Day of the Black Masks

Listing No: 640

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Valley House Gallery

Dallas, TX

Valley House Gallery

6616 Spring Valley Road

Dallas, TX 75254

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gallery@valleyhouse.com

Please have the item listing number on hand when you call. This artwork's listing number is: 640

Artwork Info

FAE Listing No:
640
Artist:
Catherine Phillips Fels (1912-1991)
Title:
Day of the Black Masks
Date of Work:
1981
Signature:
"C. P. Fels ©" at lower right
Where Produced:
New Mexico, NM, USA
Presentation:
Framed - Trap

Artwork Medium

Type:
Painting
Sub Type:
Easel
Medium:
Oil
Support:
on Canvas

Artwork Size & Weight

Primary:
24 x 24 in.
Outer Dimensions:
30.25 x 30.25 in. (Frame Outer Dimension)

Artwork Condition

Condition:
There is traction cracking in the sky at top center but no paint loss has occurred. It appears that something was dripped on several areas of the lower part of the canvas. (Review supplemental images.) None of these issues are evident without close examination.

Artwork Provenance

Collection:
Dorothy and Mat Garland Collection
Provenance:
The Artist Dorothy and Mat Garland purchased this painting from the Artist's estate.

About this Piece

This painting is based on Jicarilla Apache Devil Dance performed at Taos Pueblo in late winter, 1980

About the Artist

This biography of Catherine Fels is quoted from the Archives of askART
It was researched, written, and copyrighted by Lonnie Pierson Dunbier, 2015
Museum of Nebraska Art Project:
Their Place, Their Time: Women Artists in Nebraska, 1825-1945
“Fels, Catharine Phillips:
(1912, Kirksville, Missouri-1991, Taos, New Mexico)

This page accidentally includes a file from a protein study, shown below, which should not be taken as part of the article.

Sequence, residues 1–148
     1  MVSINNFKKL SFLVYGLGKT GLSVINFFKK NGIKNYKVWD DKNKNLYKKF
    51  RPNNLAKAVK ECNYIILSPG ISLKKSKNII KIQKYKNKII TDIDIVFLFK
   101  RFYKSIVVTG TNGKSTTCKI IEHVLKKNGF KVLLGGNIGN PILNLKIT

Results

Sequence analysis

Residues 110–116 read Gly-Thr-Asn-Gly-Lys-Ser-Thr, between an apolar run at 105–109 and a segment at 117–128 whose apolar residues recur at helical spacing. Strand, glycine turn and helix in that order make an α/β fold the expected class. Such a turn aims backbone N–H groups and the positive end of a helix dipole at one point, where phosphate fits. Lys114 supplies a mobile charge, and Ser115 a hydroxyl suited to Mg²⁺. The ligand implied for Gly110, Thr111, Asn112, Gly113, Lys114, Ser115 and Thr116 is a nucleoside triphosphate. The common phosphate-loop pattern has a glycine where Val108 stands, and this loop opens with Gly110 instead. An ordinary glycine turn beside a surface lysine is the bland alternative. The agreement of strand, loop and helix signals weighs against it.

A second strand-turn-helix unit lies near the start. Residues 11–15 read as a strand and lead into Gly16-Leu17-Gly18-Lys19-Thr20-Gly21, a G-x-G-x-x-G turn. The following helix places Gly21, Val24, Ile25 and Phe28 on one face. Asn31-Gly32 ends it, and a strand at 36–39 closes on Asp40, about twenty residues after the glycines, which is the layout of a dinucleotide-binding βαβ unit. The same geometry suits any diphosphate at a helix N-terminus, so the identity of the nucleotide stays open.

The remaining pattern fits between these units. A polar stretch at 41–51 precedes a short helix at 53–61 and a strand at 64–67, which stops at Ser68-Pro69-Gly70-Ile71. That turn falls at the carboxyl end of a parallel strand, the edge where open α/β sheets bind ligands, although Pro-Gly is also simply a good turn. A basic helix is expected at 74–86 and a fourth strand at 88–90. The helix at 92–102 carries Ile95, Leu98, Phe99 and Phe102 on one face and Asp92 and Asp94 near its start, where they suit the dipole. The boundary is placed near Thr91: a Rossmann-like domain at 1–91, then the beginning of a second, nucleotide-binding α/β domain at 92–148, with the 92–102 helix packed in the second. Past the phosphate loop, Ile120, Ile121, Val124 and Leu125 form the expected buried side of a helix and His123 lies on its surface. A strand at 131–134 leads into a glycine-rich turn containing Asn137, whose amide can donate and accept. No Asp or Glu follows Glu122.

Also known as Catharine Phillips and C.P. Fels

A letter from Helen Kendall Jensen, dated September 16, 1991 to personnel of the Museum of Nebraska Art, Kearney, describes the life chapters and talents of Jensen's long-time artist friend, Catherine Fels, whose primary tie to Nebraska is that it was her childhood home. Receipt of the letter led to the Museum's acquisition of artwork by the subject of the correspondence:

“Catharine Phillips Fels died at her home in Taos, NM on August 29. . . .Catharine was a daughter of Prof. Leroy Phillips, who was an English professor at the college in Kearney until 1926, and Catharine and I were children together in Kearney and maintained our friendship throughout our lives. We lived across the street from each other during the ‘70s in Long Beach, Ca, when she was a professor of art at California State Univ. L.A. Her paintings have been included in a number of books of American artists, and I believe one of them is at the Smithsonian in Washington. She wrote/illustrated a book on Byzantine Architecture published last year, did a series on the Victorian houses on Bunker Hill in L.A. before they were torn down to make room for the Music Center, and most recently has produced a great deal of art of the Southwest, mainly landscapes in oil, gouache, and silk screen. Catharine’s daughter, Marjorie Palmer, tells me that there are over eight hundred works of art.”